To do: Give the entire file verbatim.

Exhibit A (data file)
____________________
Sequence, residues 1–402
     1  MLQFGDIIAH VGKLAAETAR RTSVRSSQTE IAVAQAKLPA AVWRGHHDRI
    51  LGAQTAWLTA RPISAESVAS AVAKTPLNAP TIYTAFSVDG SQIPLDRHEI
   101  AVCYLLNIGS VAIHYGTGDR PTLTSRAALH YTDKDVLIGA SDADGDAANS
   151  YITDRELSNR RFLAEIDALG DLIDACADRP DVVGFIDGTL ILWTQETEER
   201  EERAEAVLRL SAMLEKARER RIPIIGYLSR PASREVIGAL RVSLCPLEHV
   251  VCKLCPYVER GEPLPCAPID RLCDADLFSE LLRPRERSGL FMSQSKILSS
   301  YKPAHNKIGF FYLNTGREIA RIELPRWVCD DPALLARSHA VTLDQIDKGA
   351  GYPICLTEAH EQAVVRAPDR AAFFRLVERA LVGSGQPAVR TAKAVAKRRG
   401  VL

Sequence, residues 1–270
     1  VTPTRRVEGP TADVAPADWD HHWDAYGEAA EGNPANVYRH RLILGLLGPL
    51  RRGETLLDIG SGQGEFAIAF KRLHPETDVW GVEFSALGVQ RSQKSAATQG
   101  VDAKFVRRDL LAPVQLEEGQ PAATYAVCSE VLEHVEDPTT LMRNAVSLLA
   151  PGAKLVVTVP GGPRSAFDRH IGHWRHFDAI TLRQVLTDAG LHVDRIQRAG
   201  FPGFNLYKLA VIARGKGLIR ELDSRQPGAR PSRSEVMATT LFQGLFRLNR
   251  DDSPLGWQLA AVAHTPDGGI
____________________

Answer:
Sequence, residues 1–402
     1  MLQFGDIIAH VGKLAAETAR RTSVRSSQTE IAVAQAKLPA AVWRGHHDRI
    51  LGAQTAWLTA RPISAESVAS AVAKTPLNAP TIYTAFSVDG SQIPLDRHEI
   101  AVCYLLNIGS VAIHYGTGDR PTLTSRAALH YTDKDVLIGA SDADGDAANS
   151  YITDRELSNR RFLAEIDALG DLIDACADRP DVVGFIDGTL ILWTQETEER
   201  EERAEAVLRL SAMLEKARER RIPIIGYLSR PASREVIGAL RVSLCPLEHV
   251  VCKLCPYVER GEPLPCAPID RLCDADLFSE LLRPRERSGL FMSQSKILSS
   301  YKPAHNKIGF FYLNTGREIA RIELPRWVCD DPALLARSHA VTLDQIDKGA
   351  GYPICLTEAH EQAVVRAPDR AAFFRLVERA LVGSGQPAVR TAKAVAKRRG
   401  VL

Sequence, residues 1–270
     1  VTPTRRVEGP TADVAPADWD HHWDAYGEAA EGNPANVYRH RLILGLLGPL
    51  RRGETLLDIG SGQGEFAIAF KRLHPETDVW GVEFSALGVQ RSQKSAATQG
   101  VDAKFVRRDL LAPVQLEEGQ PAATYAVCSE VLEHVEDPTT LMRNAVSLLA
   151  PGAKLVVTVP GGPRSAFDRH IGHWRHFDAI TLRQVLTDAG LHVDRIQRAG
   201  FPGFNLYKLA VIARGKGLIR ELDSRQPGAR PSRSEVMATT LFQGLFRLNR
   251  DDSPLGWQLA AVAHTPDGGI